The right hon. Gentleman, therefore, did not answer the case put from this side. We want to stick by the use designated in the development plan—varied, if necessary, with the passing of time. One can understand that with the passing of time it may be necessary to change the designated use. Should that prove to be the case we agree that the designated use should be changed, and the claim for compensation should be based upon the change in the circumstances, but as long as the use designated in the development plan is valid then, in the interests of good planning, that is the basis upon which compensation should be put because, in any case, the private owner himself, like the local authority, could not have used the land for any purpose other than that designated in the development plan itself.

Question put, That "not" stand part of the Lords Amendment:—

The House divided: Ayes 160. Noes 99.

Division No. 167.] AYES [6.59 p.m.
Aitken, W. T. Emmet Hon. Mrs. Evelyn Linstead, Sir H. N.
Alport, C. J. M. Fell, A. Lloyd, Maj. Sir Guy (Renfrew, E.)
Amory, Rt. Hn. Heathcoat (Tiverton) Finlay, Graeme Longden, Gilbert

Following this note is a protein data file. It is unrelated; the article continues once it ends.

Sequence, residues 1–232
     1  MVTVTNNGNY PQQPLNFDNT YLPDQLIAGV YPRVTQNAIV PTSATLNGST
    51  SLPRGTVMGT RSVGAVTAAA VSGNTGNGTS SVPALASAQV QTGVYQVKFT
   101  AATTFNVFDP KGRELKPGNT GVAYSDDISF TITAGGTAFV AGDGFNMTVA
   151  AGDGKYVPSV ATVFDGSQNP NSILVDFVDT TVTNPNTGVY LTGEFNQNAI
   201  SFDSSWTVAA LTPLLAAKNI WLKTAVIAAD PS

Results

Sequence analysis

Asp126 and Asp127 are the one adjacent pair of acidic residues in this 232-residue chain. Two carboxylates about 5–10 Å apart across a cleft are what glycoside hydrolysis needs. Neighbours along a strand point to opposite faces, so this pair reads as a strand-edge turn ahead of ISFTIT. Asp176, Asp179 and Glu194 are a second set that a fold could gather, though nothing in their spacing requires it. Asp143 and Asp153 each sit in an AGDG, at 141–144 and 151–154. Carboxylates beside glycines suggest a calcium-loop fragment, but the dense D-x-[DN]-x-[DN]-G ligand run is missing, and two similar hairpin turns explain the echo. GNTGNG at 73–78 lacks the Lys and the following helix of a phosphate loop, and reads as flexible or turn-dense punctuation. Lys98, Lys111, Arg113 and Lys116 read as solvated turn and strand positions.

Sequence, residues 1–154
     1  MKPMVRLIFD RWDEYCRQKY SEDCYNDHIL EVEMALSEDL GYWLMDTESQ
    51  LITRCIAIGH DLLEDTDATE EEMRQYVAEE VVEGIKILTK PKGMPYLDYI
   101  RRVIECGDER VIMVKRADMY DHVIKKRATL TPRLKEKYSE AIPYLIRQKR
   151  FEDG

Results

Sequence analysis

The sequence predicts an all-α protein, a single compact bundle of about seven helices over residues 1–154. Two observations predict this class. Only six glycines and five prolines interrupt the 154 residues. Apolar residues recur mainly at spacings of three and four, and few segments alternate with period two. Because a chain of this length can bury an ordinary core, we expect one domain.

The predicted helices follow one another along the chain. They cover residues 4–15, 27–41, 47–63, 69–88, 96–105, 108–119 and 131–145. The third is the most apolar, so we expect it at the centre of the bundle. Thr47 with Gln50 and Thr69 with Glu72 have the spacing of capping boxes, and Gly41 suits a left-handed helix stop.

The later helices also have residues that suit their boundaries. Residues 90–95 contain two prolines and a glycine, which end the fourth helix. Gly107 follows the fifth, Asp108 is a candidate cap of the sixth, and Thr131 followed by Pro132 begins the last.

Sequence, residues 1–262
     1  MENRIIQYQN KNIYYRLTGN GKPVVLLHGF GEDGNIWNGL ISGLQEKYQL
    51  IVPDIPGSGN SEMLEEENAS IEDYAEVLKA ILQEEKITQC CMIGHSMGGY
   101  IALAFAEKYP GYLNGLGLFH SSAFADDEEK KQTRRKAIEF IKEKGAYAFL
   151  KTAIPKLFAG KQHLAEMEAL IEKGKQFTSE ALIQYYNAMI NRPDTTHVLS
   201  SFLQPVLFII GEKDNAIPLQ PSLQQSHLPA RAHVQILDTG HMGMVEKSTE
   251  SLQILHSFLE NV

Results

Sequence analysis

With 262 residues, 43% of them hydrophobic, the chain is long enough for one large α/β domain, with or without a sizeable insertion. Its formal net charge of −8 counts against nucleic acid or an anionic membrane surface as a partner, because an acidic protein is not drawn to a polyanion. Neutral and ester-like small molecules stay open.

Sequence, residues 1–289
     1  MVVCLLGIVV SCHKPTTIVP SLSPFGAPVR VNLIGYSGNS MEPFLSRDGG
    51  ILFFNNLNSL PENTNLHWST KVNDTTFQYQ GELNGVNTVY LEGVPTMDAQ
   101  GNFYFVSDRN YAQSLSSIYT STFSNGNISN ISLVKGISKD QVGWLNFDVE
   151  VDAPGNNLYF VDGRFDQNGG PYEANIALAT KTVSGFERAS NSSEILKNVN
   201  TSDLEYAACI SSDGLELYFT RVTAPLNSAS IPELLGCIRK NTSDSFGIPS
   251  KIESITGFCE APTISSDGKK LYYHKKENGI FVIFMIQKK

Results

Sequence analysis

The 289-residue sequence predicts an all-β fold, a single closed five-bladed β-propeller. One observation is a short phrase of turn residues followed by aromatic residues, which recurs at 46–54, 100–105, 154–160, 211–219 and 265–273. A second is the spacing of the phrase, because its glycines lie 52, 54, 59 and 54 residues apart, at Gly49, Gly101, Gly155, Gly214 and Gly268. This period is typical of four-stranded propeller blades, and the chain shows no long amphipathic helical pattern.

Anstruther-Gray, Major Sir William Fisher, Nigel Lucas, Sir Jocelyn (Portsmouth, S.)
Arbuthnot, John Fletcher-Cooke, C. Lucas, P. B. (Brentford &Chiswick)
Armstrong, C. W. Freeth, Denzil Lucas-Tooth, Sir Hugh
Atkins, H. E. Gammans, Lady Macdonald, Sir Peter
Balniel, Lord George, J. C. (Pollok) McLaughlin, Mrs. P.
Barbar, Anthony Godber, J. B. McMaster, Stanley
Barlow, Sir John Goodhart, Philip Macmillan, Rt. Hn. Harold (Bromley)
Batsford, Brian Gower, H. R. Macpherson, Niall (Dumfries)
Baxter, Sir Beverley Graham, Sir Fergus Maddan, Martin
Beamish, Col. Tufton Grant, Rt. Hon. W. (Woodside) Maitland, Hon. Patrick (Lanark)
Bennett, F. M. (Torquay) Green, A. Markham, Major Sir Frank
Bevins, J. R. (Toxteth) Gresham Cooke, R. Marshall, Douglas
Biggs-Davison, J. A. Grimond, J. Mathew, R.
Bishop, F. P. Grimston, Sir Robert (Westbury) Maudling, Rt. Hon. R.
Black, Sir Cyril Grosvenor, Lt.-Col. R. G. Medlicott, Sir Frank
Body, R. F. Gurden, Harold Molson, Rt. Hon. Hugh
Boyle, Sir Edward Hall, John (Wycombe) Nabarro, G. D. N.
Braine, B. R. Harris, Frederic (Croydon, N. W.) Nairn, D. L. S.
Brooke, Rt. Hon. Henry Harrison, Col. J. H. (Eye) Neave, Airey
Brooman-White, R. C. Heald, Rt. Hon. Sir Lionel Nicholson, Sir Godfrey (Farnham)